Conceptual confusion in edu-twitter discussion: Definitions de re vs. de dicto

(The following is [when correct] largely taken from my reading of the work of P. M. S. Hacker; where it is wrong, it is entirely mine.)

Many discussions on edu-twitter appear to begin in media res, that is, the initial missteps that caused the tension have already occurred. Twitter’s format is not conducive to then untangling the conversation to find these missteps. In this post, I want to describe a feature which seem to me to be common to many of these missteps.

The concepts we are dealing with in education discourse are often abstractions: knowledge, thinking, learning, reason, logic etc. It would appear, at least superficially, that many disagreements could be solved by fixing the definitions of these words. However, despite innumerable attempts to define concepts such as ‘knowledge’, these discussions and disagreements continue. I would suggest that the reason for this is a mistaken desire for definitions de re, that is, definitions that elicit some kind of objective or language-independent essence of a word. Definitions de re are what we seek when we ask questions like, ‘what is knowledge?’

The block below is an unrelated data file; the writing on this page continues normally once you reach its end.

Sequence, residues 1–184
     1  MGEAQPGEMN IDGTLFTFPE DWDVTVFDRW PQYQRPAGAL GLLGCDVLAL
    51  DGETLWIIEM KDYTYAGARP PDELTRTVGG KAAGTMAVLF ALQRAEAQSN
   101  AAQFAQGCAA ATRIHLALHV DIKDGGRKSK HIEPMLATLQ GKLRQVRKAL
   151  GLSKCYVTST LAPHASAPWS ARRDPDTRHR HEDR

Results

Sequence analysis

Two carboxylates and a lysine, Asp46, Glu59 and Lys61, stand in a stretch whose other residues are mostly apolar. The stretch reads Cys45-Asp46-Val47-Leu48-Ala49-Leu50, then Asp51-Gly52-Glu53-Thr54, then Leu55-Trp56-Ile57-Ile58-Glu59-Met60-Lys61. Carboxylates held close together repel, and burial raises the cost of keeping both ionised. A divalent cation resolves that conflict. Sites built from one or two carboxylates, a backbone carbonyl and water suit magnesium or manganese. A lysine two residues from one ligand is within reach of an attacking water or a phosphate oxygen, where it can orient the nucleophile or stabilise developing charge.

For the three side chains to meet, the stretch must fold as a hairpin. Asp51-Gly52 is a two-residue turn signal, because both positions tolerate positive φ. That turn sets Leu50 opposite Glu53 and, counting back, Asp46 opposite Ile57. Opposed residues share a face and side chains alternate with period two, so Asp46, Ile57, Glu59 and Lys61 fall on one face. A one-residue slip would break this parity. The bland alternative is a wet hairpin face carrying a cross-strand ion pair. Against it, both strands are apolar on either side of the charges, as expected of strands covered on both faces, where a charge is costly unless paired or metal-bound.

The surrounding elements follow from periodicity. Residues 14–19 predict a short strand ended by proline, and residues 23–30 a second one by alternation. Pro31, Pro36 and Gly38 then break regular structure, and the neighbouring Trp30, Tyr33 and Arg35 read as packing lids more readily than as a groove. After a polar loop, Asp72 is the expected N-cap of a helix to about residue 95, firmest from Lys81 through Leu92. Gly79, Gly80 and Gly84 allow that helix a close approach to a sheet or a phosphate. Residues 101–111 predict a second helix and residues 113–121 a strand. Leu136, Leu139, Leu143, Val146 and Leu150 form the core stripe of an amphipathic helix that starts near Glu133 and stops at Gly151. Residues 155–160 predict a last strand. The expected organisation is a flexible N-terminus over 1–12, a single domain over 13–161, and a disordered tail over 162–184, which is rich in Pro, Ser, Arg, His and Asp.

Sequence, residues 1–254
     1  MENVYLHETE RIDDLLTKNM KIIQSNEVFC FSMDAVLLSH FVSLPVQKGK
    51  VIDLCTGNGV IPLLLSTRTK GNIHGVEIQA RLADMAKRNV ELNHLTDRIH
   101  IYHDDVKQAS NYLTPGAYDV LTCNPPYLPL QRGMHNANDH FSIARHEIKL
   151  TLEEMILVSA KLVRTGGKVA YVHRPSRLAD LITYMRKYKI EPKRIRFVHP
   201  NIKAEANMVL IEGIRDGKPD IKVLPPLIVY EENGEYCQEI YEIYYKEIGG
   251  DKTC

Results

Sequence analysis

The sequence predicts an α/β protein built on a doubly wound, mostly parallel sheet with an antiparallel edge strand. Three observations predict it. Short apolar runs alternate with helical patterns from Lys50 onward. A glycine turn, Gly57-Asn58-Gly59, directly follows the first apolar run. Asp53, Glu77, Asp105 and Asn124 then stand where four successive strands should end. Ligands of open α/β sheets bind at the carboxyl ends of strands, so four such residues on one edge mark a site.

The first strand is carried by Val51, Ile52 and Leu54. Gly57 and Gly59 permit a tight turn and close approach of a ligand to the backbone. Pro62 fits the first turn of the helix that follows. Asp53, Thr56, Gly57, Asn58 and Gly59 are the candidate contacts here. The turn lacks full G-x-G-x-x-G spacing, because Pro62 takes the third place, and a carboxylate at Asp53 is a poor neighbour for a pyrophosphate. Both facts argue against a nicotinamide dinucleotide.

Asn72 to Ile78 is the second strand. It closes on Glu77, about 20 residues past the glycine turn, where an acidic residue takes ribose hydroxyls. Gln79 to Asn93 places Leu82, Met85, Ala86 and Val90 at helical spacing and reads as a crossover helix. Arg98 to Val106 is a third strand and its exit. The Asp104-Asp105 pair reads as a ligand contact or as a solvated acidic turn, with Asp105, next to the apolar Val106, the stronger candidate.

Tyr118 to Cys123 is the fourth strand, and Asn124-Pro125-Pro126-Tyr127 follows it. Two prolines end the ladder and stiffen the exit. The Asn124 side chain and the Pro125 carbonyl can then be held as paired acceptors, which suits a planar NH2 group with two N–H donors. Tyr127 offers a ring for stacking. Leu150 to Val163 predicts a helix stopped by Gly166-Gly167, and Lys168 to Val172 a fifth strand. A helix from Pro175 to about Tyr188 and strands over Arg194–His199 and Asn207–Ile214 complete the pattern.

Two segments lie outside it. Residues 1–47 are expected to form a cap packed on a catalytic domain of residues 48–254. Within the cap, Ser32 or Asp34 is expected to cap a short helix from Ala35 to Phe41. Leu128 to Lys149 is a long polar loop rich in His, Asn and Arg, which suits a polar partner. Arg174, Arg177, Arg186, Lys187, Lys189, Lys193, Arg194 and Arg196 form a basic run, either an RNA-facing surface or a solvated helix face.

According to this view, words are labels for things that exist in the world, and our job is to establish what they are labels of. But these kinds of questions are philosophical land-mines. They give rise to all sorts of bizarre questions which are the root of much philosophical confusion: is there such a thing as the property of ‘chair-ness’ which belongs to all chairs? Is there such a thing as ‘knowledge’ which belongs to all knowledgeable people? Is there such a thing as ‘reason’ which belongs to all good arguments? We then seek an analytic definition of sufficient and necessary conditions (e.g. S knows p, if and only if S believes p, S is justified in believing p, and if p is true). However, such is the organic nature of language that counterexamples to these definitions can always be found. The ‘Platonic’ response was that these properties must therefore exist as metaphysical forms. The difficulty with this approach is that we end up having to believe in these metaphysical entities or simply accept a particular (defeasible) definition (such as the JTB view of Knowledge) and thus agreement in such discussions of such concepts will often depend at which particular altar we worship.